Internationally, many countries have banned fluoridation either because of health concerns or because of human rights considerations. These countries include Japan, Scotland, Northern Ireland, China, Russia, Germany, Netherlands, Norway, Israel, Sweden, Austria, Belgium, Denmark, Finland, France, Croatia, Estonia, Greece, Hungary, Latvia, Switzerland, Luxembourg and the Czech Republic. In fact, less than 6 percent of the world’s population drinks artificially fluoridated water, and their oral health is not showing any benefit compared to those who do not.ix
Notably the practice of fluoridating water supplies appears to breach the UNESCO Universal Declaration on Bioethics and Human Rights (2005), to which NZ is a signatory (along with around 160 other countries) and in particular Article 6 which states that “in no case should a collective agreement or the consent of a community leader or other authority substitute for an individual’s informed consent”.x
We are concerned that health department policy in this area is not favored by the most robust advicexi, and that total fluoride levels in New Zealand are uncontrolled and may be exceeded by many citizens, affecting their quality of life and contributing to the burden on the health system.
We suggest the public health system would be seen to be acting responsibly to better protect the health of New Zealanders by:
1. Monitoring the fluoride levels in individuals, as outlined by the World Health Organization, particularly in fluoridated areas.
2. Monitoring fluoride levels in patients under treatment for bone and joint diseases, chronic fatigue, diabetes, asthma, cardiovascular, neurological, thyroid and other endocrine diseases, and in pregnant women.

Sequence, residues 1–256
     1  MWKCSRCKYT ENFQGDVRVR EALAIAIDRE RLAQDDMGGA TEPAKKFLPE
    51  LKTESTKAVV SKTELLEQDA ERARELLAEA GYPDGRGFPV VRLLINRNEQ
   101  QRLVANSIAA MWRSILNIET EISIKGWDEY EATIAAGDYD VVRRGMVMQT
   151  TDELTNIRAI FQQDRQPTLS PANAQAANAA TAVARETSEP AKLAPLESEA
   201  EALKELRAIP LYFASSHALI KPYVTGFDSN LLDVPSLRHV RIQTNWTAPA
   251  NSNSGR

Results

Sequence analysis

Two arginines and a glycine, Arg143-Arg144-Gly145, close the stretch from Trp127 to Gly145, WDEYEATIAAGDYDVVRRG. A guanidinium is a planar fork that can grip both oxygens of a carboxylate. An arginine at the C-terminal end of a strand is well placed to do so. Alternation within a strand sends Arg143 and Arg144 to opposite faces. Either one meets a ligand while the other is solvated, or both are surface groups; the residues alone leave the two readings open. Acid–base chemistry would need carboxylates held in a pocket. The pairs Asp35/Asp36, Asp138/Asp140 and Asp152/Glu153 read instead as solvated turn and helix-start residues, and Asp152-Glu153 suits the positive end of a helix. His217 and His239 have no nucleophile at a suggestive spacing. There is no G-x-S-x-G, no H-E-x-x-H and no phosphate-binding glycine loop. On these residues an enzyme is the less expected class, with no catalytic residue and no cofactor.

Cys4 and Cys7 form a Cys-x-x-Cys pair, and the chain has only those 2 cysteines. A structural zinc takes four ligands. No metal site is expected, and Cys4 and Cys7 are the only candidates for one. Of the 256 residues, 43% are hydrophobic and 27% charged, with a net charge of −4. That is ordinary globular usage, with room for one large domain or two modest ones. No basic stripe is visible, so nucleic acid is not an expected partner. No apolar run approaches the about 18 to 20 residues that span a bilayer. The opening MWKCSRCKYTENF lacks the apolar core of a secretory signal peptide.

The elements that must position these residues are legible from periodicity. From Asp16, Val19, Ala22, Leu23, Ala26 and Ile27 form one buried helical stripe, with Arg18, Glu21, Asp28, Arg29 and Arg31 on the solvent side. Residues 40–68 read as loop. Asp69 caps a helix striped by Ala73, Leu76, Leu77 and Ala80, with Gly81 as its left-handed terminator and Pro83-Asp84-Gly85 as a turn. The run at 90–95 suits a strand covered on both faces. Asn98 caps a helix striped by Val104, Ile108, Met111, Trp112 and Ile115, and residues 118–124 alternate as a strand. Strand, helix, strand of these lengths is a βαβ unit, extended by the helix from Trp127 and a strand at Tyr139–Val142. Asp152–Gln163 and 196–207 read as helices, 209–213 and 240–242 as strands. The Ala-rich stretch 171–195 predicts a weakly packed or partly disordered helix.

3. Making fluoride testing freely available to citizens who are concerned about their fluoride intake levels.
4. Undertake proper analysis of Fluoride content of foods, conduct a proper risk analysis, and implement fluoride content labeling.
Dr. Stan Litras BDS BSc
Dr. Stan Litras BDS BSc
i Health effects of water fluoridation: A review of the scientific evidence. http://www.royalsociety.org.nz/expert-advice/papers/yr2014/health-effects-of-water-fluoridation/
ii The US Agency for Toxic Substances and Disease Registry(ATSDR) 2003 Chronic duration oral minimal risk Level (MRL) for fluoride. http://www.atsdr.cdc.gov/toxprofiles/tp11-c8.pdf
iii Fluoride in Drinking Water: A Scientific Review of EPA’s Standards. NRC Review (2006). http://www.nap.edu/catalog/11571.html
iv Estimated Dietary Fluoride Intake for New Zealanders. ESR Report to the NZ Health Department 2009 http://www.fluoridation.nz/uploads/4/2/8/8/42885971/esr_report_2009.pdf
v Basic Methods for Assessment of Renal Fluoride Excretion in Community Prevention Programmes for Oral Health http://apps.who.int/iris/bitstream/10665/112662/1/9789241548700_eng.pdf
vi US Centers for Disease Control and Prevention, Morbidity and Mortality Weekly Report, U.S. Centers for Disease Control and Prevention, Atlanta, GA, USA (2001) Recommendations for Using Fluoride to Prevent and Control Dental Caries in the United States
vii Scientific Committee on Health and Environmental Risks SCHER: Critical Review of any new evidence on the hazard profile, health effects and human exposure to fluoride and the fluoridating agents of drinking water. http://ec.europa.eu/health/scientific_committees/environmental_risks/docs/scher_o_122.pdf
viii Water fluoridation for the prevention of dental caries Cochrane Oral Health Group 2015
ix WHO oral health country/area profile programme. www.whocollab.od.mah.se/expl/regions.html
x UNESCO Universal Declaration of Bioethics and Human Rights (2005) http://portal.unesco.org/en/ev.php-URL_ID=31058&URL_DO=DO_TOPIC&URL_SECTION=201.html
xi Scientific and Critical Analysis of 2014 New Zealand Review: Health effects of water fluoridation: A review of the scientific evidence